You are here
French consumer spending soars, surpasses 5-year peak
[PARIS] French consumer spending unexpectedly surged in February, surpassing a peak reached five years ago before the eurozone debt crisis hit and a sign of brisk growth in the bloc's second-biggest economy at the start of the year.
Consumer spending, the traditional engine of the 2 trillion euro economy, rose 0.6 per cent in February, official data showed, confounding expectations of all the economists polled by Reuters who had pencilled in a flat reading on average.
The increase pushed the volumes of goods purchased by French consumers to a new all-time high, beating a previous record reached in February 2011, the INSEE statistics office said.
Last month's increase comes after January spending was revised up to show a rise of 1.0 per cent instead of 0.6 per cent, while consumer spending was also stronger in December, at 1.1 per cent, than the 1.0 per cent previously reported, INSEE said.
The February increase was driven by a 1.5 per cent jump in food products purchases, especially meat and drinks, INSEE said, and a 1.1 per cent rise in spending on durable goods such as home equipment and mass-market electronics products.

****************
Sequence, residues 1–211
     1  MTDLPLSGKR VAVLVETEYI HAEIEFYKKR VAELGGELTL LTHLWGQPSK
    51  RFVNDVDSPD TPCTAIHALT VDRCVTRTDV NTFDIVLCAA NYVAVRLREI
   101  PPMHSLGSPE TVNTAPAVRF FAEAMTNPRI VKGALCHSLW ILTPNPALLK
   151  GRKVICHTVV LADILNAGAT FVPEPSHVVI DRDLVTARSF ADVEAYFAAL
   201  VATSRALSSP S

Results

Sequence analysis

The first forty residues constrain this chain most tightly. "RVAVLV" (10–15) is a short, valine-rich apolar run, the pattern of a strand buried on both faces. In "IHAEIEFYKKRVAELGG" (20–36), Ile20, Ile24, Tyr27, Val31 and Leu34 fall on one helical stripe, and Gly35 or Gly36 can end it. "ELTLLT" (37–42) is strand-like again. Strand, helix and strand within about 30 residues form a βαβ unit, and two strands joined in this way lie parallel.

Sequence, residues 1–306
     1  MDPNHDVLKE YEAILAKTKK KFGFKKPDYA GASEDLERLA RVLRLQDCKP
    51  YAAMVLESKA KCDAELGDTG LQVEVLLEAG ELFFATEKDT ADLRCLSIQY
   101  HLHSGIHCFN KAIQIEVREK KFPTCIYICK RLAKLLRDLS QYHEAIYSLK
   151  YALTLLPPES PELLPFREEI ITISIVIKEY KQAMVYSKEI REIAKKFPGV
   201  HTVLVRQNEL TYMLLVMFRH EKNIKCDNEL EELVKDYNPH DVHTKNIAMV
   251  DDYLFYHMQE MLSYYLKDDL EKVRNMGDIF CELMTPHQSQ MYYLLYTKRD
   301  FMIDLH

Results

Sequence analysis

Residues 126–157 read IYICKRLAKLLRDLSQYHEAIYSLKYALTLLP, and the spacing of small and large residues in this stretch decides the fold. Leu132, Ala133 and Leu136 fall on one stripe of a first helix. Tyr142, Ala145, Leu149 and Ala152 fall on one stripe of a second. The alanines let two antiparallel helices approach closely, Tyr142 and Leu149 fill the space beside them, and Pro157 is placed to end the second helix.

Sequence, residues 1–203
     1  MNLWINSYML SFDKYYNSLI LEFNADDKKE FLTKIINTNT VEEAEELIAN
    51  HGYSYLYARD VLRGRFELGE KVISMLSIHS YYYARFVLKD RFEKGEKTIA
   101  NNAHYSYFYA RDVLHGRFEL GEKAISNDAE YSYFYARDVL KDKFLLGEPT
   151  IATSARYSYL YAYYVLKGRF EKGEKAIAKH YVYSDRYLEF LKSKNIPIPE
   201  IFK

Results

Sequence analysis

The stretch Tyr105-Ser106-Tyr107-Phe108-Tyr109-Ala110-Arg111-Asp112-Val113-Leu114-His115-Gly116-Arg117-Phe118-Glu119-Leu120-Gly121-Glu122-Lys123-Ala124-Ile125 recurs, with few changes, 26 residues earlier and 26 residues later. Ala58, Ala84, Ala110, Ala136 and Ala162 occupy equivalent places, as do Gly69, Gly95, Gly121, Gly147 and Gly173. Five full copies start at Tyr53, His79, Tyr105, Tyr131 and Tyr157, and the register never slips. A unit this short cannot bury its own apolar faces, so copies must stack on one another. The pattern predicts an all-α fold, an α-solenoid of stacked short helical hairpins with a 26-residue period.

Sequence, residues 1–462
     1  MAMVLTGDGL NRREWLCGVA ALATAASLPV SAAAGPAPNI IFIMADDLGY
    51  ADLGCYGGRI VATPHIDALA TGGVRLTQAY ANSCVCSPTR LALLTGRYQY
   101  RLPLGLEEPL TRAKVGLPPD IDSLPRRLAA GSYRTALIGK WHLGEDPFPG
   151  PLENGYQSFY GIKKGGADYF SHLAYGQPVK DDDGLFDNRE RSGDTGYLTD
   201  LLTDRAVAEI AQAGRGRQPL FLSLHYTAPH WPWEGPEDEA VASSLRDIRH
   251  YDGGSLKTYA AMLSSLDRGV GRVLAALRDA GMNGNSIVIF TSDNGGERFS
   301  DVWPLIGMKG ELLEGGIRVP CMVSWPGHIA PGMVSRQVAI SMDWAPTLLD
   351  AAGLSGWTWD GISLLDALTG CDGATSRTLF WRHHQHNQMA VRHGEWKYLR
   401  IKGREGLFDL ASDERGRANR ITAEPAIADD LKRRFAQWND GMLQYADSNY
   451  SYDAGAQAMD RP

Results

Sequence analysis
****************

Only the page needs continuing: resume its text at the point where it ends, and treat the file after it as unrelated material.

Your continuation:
Consumer spending on goods accounts for almost half of total consumer spending, which in turn contributes to more than half of France's gross domestic product (GDP). Coming after a strong increase in industrial output in January, the data bodes well for French growth in the first quarter.
The strong increase over the last three months is also likely to reassure the European Central Bank (ECB) that deflationary pressures are not changing consumer behaviour by pushing them to delay purchases.
French consumer prices fell for the second consecutive month in over a year in March, the statistics agency said in a separate report on Thursday, while prices charged by French producers were down a steep 4.1 per cent in February from a year ago.
The collapse in oil prices since mid-2014 has brought down gasoline, natural gas and wholesale electricity prices, boosting spending power in countries like France.